Three Scientific Truths of Motivation
Stepping into the light of heartfelt psychology
Published: Tuesday, June 25, 2019 – 12:02
Are you lazy? Do you think most people are basically lazy? Do you enjoy being disengaged at work? Do you think millions of people worldwide enjoy being disengaged? Is that why we need to be prodded, bribed, praised, and pushed into doing what we’re tasked to do? If managers did not hold us accountable for achieving our goals, do you think we would slack off? If you answer yes to any of these questions, maybe your basic beliefs about human motivation need updating.
You have a natural yearning to thrive—thriving is your human nature. Being bored or disengaged isn’t thriving. Being lazy isn’t thriving. Resenting hard work isn’t thriving. The truth is, no one wants to be bored, disengaged, or lazy. At our core, we don’t resent hard work. We welcome productive and meaningful work, even when it’s hard. We appreciate meaningful challenges. We even want to be accountable—we just don’t like being held accountable! We want to contribute, feel fulfilled, and grow and learn every day. We long to thrive. Recognizing our nature to thrive leads to a critical question: How do I thrive? Now, thanks to groundbreaking research, we know the answer. It’s different than what we’ve been led to believe.
Thriving doesn’t depend on money, power, or status. Thriving doesn’t come from promotions, perks, or driving for results. Thriving certainly doesn’t happen through pressure, tension, or fear—or even willpower or discipline. Thriving requires choice, connection, and competence. Motivation is the energy to act. Choice, connection, and competence generate the high-quality motivation (i.e., energy) you need to thrive. Your high-quality motivation—and the energy to achieve your goals and find meaning in their pursuit—depend on creating choice, connection, and competence.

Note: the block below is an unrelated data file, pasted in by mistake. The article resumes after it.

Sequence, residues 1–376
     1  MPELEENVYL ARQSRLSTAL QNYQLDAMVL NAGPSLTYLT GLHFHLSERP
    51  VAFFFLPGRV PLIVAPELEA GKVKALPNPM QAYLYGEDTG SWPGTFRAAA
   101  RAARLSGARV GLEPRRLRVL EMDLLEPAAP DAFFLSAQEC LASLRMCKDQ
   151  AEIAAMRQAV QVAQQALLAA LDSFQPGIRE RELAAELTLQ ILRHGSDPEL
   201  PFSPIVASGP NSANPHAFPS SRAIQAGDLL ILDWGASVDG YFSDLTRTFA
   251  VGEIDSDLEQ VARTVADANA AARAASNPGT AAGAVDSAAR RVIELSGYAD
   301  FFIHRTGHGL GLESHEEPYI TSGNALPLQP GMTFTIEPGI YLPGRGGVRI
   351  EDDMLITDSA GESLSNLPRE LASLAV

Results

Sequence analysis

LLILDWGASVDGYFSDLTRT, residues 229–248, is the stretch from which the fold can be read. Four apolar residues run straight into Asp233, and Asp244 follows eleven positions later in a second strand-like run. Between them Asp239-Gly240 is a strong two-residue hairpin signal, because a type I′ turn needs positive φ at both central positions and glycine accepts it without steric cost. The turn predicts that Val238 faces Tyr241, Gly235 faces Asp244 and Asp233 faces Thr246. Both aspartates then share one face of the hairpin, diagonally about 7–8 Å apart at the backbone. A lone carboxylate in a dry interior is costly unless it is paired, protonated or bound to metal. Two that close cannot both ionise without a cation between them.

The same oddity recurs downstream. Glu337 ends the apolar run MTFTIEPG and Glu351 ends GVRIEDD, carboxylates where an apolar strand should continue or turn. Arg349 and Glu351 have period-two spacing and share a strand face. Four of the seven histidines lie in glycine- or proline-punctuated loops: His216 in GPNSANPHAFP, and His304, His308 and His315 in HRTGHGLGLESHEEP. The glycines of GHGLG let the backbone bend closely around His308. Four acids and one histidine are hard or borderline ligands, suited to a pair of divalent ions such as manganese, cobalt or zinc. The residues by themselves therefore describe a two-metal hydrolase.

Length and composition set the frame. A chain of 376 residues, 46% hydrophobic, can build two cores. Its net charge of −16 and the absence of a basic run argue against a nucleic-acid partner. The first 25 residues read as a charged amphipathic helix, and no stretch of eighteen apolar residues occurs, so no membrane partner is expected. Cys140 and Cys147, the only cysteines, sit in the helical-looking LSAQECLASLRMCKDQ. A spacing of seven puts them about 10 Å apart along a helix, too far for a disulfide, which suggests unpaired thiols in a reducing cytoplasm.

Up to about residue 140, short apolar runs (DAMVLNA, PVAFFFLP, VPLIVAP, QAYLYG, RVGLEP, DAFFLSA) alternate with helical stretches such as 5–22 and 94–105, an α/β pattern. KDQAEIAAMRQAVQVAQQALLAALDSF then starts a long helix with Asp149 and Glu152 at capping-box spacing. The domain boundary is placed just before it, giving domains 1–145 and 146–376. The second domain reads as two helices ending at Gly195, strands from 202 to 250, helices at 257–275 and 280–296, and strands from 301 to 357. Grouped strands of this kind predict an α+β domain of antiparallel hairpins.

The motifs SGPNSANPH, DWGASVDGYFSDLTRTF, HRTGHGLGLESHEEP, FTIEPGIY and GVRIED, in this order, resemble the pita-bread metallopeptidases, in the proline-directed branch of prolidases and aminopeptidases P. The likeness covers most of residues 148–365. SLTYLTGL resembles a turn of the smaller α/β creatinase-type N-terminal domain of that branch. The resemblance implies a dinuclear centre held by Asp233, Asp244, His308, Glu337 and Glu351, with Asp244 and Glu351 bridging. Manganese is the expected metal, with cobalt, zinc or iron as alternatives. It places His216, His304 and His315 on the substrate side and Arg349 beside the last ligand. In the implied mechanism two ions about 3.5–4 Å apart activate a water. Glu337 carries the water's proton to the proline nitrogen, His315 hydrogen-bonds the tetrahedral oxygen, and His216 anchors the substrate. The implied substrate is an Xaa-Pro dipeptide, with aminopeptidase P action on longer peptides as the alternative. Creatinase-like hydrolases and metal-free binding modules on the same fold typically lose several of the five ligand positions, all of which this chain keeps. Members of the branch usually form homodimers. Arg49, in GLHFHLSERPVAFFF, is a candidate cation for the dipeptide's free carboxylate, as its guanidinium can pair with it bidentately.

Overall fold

Our need for choice, connection, and competence has been verified scientifically, and I think you’ll resonate personally with their definition and description of each scientific truth.
First scientific truth
You need to create choice. You have an innate need to perceive you have choices, recognize and feel you have options within boundaries, and have a sense of control over what is happening at any time: “I am the source of my behavior.” When you don’t create choice, your energy is diminished, and you are less likely to achieve your goals.
Second scientific truth
You need to create connection. You have an innate need to feel a sense of belonging and genuine connection to others without concerns about ulterior motives; pursue goals aligned to meaningful values and a noble purpose; and contribute to something greater than yourself. When you don’t create connection, your energy is compromised, and even if you achieve your goals, you are less likely to find the experience meaningful or worth repeating.
Third scientific truth
You need to create competence. You have an innate need to feel effective at managing everyday situations, demonstrate skill over time, and feel a sense of growth and learning every day. When you don’t create competence, your energy is blocked, and your frustration at being unable to meet challenges or make progress puts achieving long-term goals at risk.
The evidence supporting the three scientific truths at the center of your motivation is compelling, but all you need to do is look around you. Notice that when you create choice, connection, and competence, you feel a sense of well-being, are in a flow state, or experience deep-seated peace. On the flip side, observe that when one or more of the three truths are diminished, you feel pressure, tension, stress, loneliness, pride, superiority, despair, fear, anger, or frustration.
If the three truths of choice, connection, and competence are the magic elixirs for mastering motivation, you may be wondering why everyone isn’t taking advantage of them? The answer lies in how deeply embedded outdated ideas about motivation are in our beliefs and traditional approaches to motivation. The time has come to challenge what we think motivation is and isn’t.
First published June 6, 2019, on the SmartBrief blog.